In July and August 2013, gram sabhas were organized in 12 villages of Rayagada and Kalahandi districts by the state, and all the 12 villages rejected the mining proposal. Prior to the palli sabhas, in 2013, the Odisha state government illegally prepared a report of the community claims over minor forest produce, grazing land, podu fields etc. The reports were placed before the villagers during the palli sabhas ordered by the SC. The villages however, rejected the community claims and individual claims over minor forest produce, grazing land and podu fields that were placed before them. This was because the claims over land and resources put forward by the officials were divided, classified and measured into measured categories like grazing land, sacred spots, streams.
Changes in the way of life
The Dongria Kondh are aware that to a large extent, money has become a necessary factor to live in the Niyamgiri hills and interact with the outside world. The Dongria Kondh explained that their need for money someyears ago was only for a few essentials such as cloth, salt, oil, weddings, community festivals, etc. They acknowledged that the dependence on money has increased over the years, largely owing to the inflated prices of cloth and other commodities and in some cases to keep up with the increased need for money, young men have started to migrate in search of jobs, while in others, there is an increase in cultivation of cash crops and horticultural produce, and in the sale of firewood to establishments in near-by towns.
Another aspect of the challenges they face comes from the influence of the outside culture and ‘modern’ living which is increasingly alluring the youth. As discussed earlier, the increasing inroads of the monetary economy has created needs that were not significant earlier.
The effects of the bauxite refinery in Lanjigarh have also begun to be felt in the Niyamgiri hills. The Dongria elders believe that the Langigarh refinery that spews smoke is affecting the local climate. Elders also complained of streams drying up and the pollution affecting the weather patterns in the region. Earlier, swidden fields would be on hills some distance away from the village. But, insecurity and harassment at the hands of security forces (who regularly ‘comb’ the area using the pretext of ‘naxalite’ activities) has to some extent derailed their traditional patterns of agriculture; since they are loath to wander far now, they have had to increase cultivation of hills near the village, in turn leading to large-scale deforestation.
Locals also admit their helplessness at the largescale felling of trees for sale by both the Dongria Kondh themselves and outsiders as well in nearby markets to meet the need for money. There was an attempt to prevent tree felling by outsiders some years ago by creating protection teams from different villages, but the immediate need to prevent the mining from taking place did not allow the community to take this forward.
Easy access to certain ‘goods’ and ‘services’ through government schemes has begun to change their way of life. Rationed goods, especially rice through the Public Distribution System has changed their food consumption pattern, away from millet production and consumption, which they have been self-sufficient in. The Dongria Kondh once had 45 to 50 varieties of millets, now they are down to less than 10, due to completely stopping or reduced cycles of shifting cultivation, increase in cash cultivation, and partial replacement by rice.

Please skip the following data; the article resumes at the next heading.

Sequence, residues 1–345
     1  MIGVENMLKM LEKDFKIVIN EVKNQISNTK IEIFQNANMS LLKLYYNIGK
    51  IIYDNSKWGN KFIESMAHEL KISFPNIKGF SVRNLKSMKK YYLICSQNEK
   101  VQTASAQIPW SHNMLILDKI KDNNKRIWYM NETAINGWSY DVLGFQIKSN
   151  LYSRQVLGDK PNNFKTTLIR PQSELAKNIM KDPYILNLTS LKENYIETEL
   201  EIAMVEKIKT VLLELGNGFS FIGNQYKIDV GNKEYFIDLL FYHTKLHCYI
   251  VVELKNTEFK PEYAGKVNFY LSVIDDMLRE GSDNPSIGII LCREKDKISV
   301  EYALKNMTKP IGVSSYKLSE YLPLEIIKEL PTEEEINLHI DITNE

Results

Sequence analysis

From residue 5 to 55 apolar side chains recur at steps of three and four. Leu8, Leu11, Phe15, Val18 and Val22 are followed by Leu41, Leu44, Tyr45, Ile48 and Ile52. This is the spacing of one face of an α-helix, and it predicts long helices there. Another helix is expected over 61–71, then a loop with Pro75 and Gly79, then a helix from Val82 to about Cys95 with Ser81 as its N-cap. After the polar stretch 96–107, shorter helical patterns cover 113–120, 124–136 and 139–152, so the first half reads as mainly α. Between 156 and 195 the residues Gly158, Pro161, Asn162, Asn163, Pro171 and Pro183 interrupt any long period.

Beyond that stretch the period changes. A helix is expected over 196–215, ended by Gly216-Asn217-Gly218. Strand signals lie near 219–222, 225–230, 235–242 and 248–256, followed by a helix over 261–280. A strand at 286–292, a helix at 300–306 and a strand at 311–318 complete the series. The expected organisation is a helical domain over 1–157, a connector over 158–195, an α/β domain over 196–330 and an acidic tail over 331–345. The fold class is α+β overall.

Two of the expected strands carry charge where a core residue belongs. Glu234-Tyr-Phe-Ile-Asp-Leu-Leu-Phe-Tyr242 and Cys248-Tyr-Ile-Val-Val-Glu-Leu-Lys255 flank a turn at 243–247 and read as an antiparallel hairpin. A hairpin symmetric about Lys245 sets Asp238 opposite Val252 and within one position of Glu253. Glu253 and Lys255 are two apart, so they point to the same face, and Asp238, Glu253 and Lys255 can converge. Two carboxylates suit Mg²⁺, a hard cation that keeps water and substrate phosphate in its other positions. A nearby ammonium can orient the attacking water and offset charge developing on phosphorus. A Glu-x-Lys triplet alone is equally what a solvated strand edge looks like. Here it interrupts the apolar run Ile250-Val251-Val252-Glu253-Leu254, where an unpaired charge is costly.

This and a gradual reduction in consumption of wild forest foods, could also be leading to nutritional deficiencies, which are becoming apparent in villages closer to the towns compared to those deeper in the forest. Ever since the refinery went into operation in 2002, the active local opposition to the refinery and the mines has heightened the presence of para-military and police personnel. The Central Reserve Police Force has been playing a major role in intimidating the community, restricting its members’ movements and disrupting the communities’ way of life. Such threats are intertwined with all aspects of their lives.
Since early 2015, the government of Odisha under the agenda of anti-maoist enquiry has been using the para-military and the local police force against the Dongria Kondh. Three serious cases of police atrocities and unlawful arrests have emerged. On the 28th of November 2015, Drika Kadraka of Dhamanponga village, a member of the NSS committed suicide after being repeatedly picked up and tortured by the local police.
On the 27th of February this year, during the annual gathering of the community to celebrate the Niyamraja parab (Niyamraja festival), Mando Kadraka, a 20 year old student was murdered in cold blood, allegedly in combact with para-military forces. The state of Odisha is yet to provide any evidence of Mando being involved in any maoist, anti-state activity. On the 7th of April 2016, Dasru Kadraka of Gorota village was arrested from Muniguda town on charges of arson, murder, attacking para-military forces during combing operations. Such threats and coercion of the community with a population of less than ten thousand people raises serious doubts as to whether it is being purposely done to break their continued resolve to oppose the mining of the Niyamgiri hills and fragment their movement.